Kathryn Hunter is all three of the witches in "The Tragedy of Macbeth."

And still I haven’t seen a convincing film version of Shakespeare’s Macbeth. Akira Kurosawa’s Throne of Blood comes closest, and Scotland, PA comes a surprising second, but Orson Welles’ version is stodgy and Roman Polanski’s and Justin Kurzel’s are dogged by inconsistency. You could just as easily lay that charge at Joel Coen’s The Tragedy of Macbeth, which opens at Grand Berry Theatre this weekend. He has tackled this Shakespeare play without his brother Ethan (who is apparently burned out on filmmaking), and the same issues that have defeated other movies of Macbeth take his down as well.

The film forgoes realism in favor of a severe, mist-shrouded black-and-white look photographed enviably by Bruno Delbonnel. The wilds of Scotland are barely dotted by any trees — thus begging the question of where Malcolm (Harry Melling) and his army find enough branches to make Birnam Wood come to Dunsinane — and the castles sport no ornamentation nor any signs that people have ever lived in them. The setting mostly fails to shed much light on this murky play, though Coen is good enough to come up with a few clever bits of staging. The sepulchral-voiced British stage veteran Kathryn Hunter plays all of the witches, merging into one or splitting into three at will and contorting her body into seemingly impossible shapes. There’s a cool bit when Macbeth (Denzel Washington) resolves to revisit the witches on the heath, and instead they appear in his bedroom while he sleeps. I also like the choreography of Macbeth’s duel with Siward (Richard Short) — the thane is unarmed while the younger man has a dagger and sword, yet at no point is Siward in control of the fight.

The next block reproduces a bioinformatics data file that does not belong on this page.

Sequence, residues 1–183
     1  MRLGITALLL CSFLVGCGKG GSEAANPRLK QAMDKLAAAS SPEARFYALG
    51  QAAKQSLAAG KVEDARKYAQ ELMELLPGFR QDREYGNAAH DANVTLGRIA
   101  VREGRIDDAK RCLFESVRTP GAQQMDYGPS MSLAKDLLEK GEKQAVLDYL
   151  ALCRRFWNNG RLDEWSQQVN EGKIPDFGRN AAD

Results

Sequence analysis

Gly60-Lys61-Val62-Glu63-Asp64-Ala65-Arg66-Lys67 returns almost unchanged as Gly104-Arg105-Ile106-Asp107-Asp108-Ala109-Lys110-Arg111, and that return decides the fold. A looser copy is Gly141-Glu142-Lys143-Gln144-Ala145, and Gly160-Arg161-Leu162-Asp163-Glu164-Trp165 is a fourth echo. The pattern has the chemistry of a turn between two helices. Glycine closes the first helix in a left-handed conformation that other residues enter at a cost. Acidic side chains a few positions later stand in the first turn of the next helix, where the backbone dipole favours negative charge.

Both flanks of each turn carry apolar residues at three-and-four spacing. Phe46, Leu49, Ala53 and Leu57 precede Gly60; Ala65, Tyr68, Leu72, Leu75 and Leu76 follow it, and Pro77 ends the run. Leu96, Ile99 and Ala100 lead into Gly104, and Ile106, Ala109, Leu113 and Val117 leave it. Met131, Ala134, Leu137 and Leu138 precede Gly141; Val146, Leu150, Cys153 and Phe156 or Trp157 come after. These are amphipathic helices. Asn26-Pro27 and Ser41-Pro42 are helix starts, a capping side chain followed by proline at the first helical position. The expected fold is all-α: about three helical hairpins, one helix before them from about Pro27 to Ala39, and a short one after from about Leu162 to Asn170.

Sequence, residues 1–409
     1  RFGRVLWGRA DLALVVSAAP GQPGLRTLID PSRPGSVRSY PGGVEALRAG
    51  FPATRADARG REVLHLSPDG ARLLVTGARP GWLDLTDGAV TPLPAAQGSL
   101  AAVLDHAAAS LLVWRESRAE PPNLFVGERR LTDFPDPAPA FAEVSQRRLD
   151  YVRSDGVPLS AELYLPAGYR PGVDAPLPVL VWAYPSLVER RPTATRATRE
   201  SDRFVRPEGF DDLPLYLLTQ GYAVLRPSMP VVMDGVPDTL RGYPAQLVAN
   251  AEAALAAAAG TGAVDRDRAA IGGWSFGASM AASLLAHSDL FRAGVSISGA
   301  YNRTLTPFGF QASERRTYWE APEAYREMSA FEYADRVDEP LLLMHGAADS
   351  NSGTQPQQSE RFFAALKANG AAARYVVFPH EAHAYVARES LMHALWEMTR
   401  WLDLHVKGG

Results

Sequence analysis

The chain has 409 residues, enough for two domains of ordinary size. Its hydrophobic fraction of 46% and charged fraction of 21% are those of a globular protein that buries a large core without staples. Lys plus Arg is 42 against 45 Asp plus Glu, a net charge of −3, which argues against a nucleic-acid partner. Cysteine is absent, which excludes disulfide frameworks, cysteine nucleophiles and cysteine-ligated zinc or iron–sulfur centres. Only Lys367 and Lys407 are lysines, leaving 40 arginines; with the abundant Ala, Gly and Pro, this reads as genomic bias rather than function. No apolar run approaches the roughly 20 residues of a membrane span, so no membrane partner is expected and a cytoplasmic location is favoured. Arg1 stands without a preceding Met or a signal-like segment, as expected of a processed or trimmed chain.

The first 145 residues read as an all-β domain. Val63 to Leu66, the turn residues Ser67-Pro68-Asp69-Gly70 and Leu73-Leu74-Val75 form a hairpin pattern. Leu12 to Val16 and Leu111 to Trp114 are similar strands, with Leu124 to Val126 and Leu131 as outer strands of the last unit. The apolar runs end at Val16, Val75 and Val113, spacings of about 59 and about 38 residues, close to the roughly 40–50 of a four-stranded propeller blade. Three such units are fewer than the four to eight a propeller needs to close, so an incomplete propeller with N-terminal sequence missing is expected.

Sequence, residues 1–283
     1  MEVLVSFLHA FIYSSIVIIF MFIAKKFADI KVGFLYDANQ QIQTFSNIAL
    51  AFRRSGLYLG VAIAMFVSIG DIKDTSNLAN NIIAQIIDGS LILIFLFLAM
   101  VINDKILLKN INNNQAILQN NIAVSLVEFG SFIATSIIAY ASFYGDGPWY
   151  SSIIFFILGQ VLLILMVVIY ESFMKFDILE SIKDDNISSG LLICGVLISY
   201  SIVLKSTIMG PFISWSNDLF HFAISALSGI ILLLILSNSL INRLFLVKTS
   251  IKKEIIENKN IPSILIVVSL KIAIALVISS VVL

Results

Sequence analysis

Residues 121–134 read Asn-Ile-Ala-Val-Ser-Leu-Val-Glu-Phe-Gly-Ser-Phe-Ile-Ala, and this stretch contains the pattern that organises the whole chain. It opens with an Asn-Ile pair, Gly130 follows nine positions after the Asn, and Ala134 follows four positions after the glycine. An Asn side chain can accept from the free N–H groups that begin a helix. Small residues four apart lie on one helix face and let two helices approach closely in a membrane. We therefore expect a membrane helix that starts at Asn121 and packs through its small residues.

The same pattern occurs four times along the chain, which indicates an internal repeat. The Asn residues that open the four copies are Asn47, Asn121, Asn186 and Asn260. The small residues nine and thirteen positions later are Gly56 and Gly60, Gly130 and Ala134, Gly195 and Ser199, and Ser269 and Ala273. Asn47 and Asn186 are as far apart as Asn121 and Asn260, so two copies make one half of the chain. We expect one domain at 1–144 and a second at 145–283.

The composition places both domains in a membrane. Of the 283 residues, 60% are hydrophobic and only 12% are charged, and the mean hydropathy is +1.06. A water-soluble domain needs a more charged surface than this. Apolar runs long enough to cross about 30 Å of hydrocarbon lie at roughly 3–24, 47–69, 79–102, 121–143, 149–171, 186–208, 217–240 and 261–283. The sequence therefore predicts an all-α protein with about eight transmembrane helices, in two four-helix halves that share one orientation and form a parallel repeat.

Still, everything I said when I reviewed Michael Fassbender’s Macbeth six years ago still holds. It’s difficult to figure out just what the deal is with this character, and Coen and Washington haven’t cracked it. Washington does noticeably better in the parts of the movie after Macbeth’s brutal murder of King Duncan (Brendan Gleeson), especially when he sees the ghost of Banquo (Bertie Carvel) at the banquet, but the early scenes with him and Lady Macbeth (Frances McDormand) planning the assassination turn to so much mush in his hands. The same goes for McDormand, though she gives better readings of her character’s big speeches. It’s funny, the Coen brothers have made some great thrillers out of people whose lofty ambitions were taken down by their own bungling. You’d think this Shakespeare play would fit Joel Coen. No such luck, I’m afraid. One of Shakespeare’s greatest plays turns out as below-average Coen.

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The Tragedy of Macbeth
Starring Denzel Washington and Frances McDormand. Written and directed by Joel Coen, based on William Shakespeare’s play. Rated R.